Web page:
Andy Murray won’t say why he points to the skies, but it’s become his trademark celebration this Wimbledon. Will we see it again on Sunday?

ANDY MURRAY may have ended one of the longest waits in British sport by reaching the Wimbledon final, but he insists it’s not yet time to celebrate.

Murray defeated French fifth seed Jo-Wilfried Tsonga 6-3, 6-4, 3-6, 7-5 yesterday to move into his fourth grand slam 
title match and become the first home finalist in the men’s singles at the All England Club since Bunny Austin in 1938.

But if the 25-year-old is to end Fred Perry’s 76-year reign as the last British winner of the men’s title, then he will have to defeat Roger Federer, who 
tomorrow will aim to equal Pete Sampras’ record of seven 
Wimbledon titles.

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The congratulations flowed in, but for Murray and coach Ivan Lendl, the focus is on Federer.

And Murray explained, with a smile, that he had to decline an invitation to Wimbledon’s cocktail party last night.

He said: “It’s not the end of the tournament yet. The time for all of that stuff comes when I’m done.

“I spoke to Ivan after the match. It was, ‘Good job. You did really well. What time do you want to practise 
tomorrow?’. That’s it. There’s no time for anything else.

“I’m not going to go out and celebrate, although I heard there’s a cocktail party here which I’ve been invited to, but I probably won’t be participating in that.”

Blocking out the hype around his campaigns at Wimbledon
has become a key Murray 
strategy, but he admitted 
after beating David Ferrer in the quarter-finals that the 
pressure does take its toll.

He was full of emotion at the end of the match today, letting the tears flow and looking skywards as his achievement sunk in.

He said of carrying the weight of history on his shoulders: “You don’t really think about it that much, but subconsciously, at the end of the match, it was obviously very emotional.

“I haven’t really been like that before in a semi-final match, so obviously it meant something to me and it was very important.”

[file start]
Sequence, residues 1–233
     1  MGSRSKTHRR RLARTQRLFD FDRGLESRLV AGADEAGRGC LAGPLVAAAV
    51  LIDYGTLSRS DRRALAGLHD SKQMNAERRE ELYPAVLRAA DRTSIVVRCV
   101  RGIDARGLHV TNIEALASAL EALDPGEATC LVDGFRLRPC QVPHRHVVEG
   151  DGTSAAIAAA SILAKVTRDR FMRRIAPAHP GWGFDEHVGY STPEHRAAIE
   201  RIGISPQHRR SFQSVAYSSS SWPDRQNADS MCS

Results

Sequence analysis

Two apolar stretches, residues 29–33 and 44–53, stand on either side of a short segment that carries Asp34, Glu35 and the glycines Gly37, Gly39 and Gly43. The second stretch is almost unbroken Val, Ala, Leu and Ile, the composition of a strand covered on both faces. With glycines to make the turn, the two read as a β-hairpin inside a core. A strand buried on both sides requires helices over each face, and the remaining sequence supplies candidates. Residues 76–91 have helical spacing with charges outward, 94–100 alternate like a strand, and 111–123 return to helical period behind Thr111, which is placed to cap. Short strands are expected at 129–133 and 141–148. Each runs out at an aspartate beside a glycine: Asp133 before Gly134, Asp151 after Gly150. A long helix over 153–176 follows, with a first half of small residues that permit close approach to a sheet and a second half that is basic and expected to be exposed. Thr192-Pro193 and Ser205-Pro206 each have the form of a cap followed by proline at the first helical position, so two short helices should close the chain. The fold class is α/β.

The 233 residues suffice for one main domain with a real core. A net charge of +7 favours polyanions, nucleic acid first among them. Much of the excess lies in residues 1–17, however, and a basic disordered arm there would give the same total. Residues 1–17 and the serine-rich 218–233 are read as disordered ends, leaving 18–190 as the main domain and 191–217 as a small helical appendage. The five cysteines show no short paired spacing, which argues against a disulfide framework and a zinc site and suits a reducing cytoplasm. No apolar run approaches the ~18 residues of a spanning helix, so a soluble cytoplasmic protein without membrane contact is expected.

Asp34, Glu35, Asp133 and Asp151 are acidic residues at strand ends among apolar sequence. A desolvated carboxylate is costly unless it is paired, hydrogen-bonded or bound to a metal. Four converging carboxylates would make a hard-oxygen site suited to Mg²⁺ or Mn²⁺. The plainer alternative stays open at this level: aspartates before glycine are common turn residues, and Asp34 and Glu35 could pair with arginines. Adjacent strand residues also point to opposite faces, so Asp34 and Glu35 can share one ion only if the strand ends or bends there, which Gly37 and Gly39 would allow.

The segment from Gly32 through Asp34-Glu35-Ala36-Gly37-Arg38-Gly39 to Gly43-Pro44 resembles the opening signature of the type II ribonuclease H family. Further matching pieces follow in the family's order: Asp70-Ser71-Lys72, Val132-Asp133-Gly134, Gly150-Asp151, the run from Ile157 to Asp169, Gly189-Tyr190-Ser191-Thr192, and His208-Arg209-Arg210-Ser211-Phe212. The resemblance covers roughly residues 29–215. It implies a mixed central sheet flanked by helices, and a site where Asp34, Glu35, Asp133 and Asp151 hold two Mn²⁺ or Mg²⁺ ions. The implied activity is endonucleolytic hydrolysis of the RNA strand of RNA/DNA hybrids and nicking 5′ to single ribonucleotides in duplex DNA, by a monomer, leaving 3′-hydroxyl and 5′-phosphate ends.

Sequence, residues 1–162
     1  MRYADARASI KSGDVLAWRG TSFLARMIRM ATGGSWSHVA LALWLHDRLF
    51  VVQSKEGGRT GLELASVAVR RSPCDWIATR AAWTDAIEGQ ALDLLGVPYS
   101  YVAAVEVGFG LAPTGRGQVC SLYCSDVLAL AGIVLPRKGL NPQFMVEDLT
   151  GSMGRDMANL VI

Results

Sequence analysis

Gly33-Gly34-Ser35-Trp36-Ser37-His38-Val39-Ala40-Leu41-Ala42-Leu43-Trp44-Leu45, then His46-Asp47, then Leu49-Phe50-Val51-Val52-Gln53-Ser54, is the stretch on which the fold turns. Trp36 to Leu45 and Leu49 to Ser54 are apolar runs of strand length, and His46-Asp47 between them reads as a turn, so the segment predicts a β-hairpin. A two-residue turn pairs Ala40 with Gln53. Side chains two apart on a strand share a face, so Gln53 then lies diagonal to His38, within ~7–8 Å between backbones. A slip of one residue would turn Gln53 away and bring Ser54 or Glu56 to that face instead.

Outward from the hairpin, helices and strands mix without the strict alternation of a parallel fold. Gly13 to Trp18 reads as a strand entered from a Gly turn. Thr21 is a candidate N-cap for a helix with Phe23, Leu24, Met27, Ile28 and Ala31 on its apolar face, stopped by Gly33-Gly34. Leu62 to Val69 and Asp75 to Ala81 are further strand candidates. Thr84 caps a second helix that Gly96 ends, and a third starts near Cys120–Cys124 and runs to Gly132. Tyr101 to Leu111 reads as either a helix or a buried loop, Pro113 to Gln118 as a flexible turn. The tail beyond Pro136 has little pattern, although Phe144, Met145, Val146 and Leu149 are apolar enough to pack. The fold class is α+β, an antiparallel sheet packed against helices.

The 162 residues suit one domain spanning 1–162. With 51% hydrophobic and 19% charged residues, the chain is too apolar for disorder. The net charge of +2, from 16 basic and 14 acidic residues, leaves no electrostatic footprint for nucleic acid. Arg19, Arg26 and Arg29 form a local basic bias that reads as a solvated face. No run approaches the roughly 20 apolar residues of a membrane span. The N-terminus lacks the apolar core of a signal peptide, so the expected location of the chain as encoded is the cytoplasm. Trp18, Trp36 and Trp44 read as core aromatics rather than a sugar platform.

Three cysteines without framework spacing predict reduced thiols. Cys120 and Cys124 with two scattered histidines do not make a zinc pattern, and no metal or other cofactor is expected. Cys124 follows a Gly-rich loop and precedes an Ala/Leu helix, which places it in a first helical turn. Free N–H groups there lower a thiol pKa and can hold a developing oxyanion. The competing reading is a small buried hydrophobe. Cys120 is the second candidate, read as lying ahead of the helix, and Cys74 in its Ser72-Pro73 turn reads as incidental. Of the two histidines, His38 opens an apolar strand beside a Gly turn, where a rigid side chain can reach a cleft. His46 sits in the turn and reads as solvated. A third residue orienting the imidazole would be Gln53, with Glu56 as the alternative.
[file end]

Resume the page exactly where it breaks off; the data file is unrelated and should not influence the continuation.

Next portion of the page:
Facing Federer in a grand slam final is not a new experience for Murray, who lost to the Swiss at the US Open in 2008 and the Australian Open in 2010, while his other final came in Melbourne last year when he was beaten by Novak Djokovic.

Murray does lead their 
head-to-head 8-7 but Federer has a phenomenal record at Wimbledon. Murray, though, feels facing arguably the 
sport’s greatest ever player 
will take the pressure off a bit.

He said: “It’s a great 
challenge, one where I’m 
probably not expected to win the match, but one that, if I play well, I’m capable of winning.

“If you look at his record here, it’s been incredible. So the 
pressure that I would be feeling, if it was against somebody else, I guess it would be different.

“There will be less on me on Sunday because of who he is.”

The last home winner of a Wimbledon singles title was Virginia Wade in 1977, and those looking for good omens will take heart from a royal link.

Wade’s victory came in the year of the Queen’s Silver 
Jubilee, with the monarch presenting the Venus Rosewater dish to the champion, and there has already been talk that the Queen might attend the final on Sunday in the year of her Diamond Jubilee.

The Queen last visited the All England Club two years ago, watching Murray win a second-round match against Jarkko Nieminen, while in the Royal Box for his quarter-final victory over Ferrer this year were the Duke and Duchess of Cambridge.

Murray said: “William and Kate were here the other day. You have guys like Rod Laver and 
Andre Agassi here. The Queen was here a few years ago, too.

“There’s a lot of pressure, but it’s obviously a privilege to play in front of those sort of people. I’m not sure if she’ll be here on Sunday, but it would be nice.”

For two sets yesterday, 
Murray played some of his best tennis, looking confident and striking winners almost at will.

Tsonga, who was also aiming
to reach a first Wimbledon 
final, barely had a sniff but the momentum shifted at the start of the third set when Murray played one sloppy game and the Frenchman took advantage.

The key to the match was the fourth set, which contained enough drama and twists and turns for a whole match.

Murray moved ahead 3-1 but Tsonga responded, the powerful 27-year-old playing some inspired tennis. Murray had chances to move 5-3 ahead but he could not take them and Tsonga then let an opportunity slip through his fingers with some wild shots when a break looked there for the taking.

Murray dug in and finally clinched victory when a forehand return caught the edge of the line, although he had to wait for HawkEye to confirm his belief that the ball was in.

The Scot admitted he had let thoughts of the final slip 
into his mind at the start of the third set.

He said: “The first couple of sets were pretty smooth. Then after that it was tough. It was a tough match.

“In terms of focus, that was probably one of the hardest matches. Because when you do win a couple of sets comfortably and you’re getting close to the final of a slam, it’s really hard sometimes just to stay in the moment and not get too far ahead of yourself.

“I did throw a game away a little bit at the beginning of the third set and it cost me a bit.”

It didn’t cost him dearly
though, and tomorrow at 2pm he’ll stride on to 
centre court knowing he’s one match away from winning the 
Wimbledon crown he and the British public so dearly want him to claim. Then, of course, the cocktails can flow.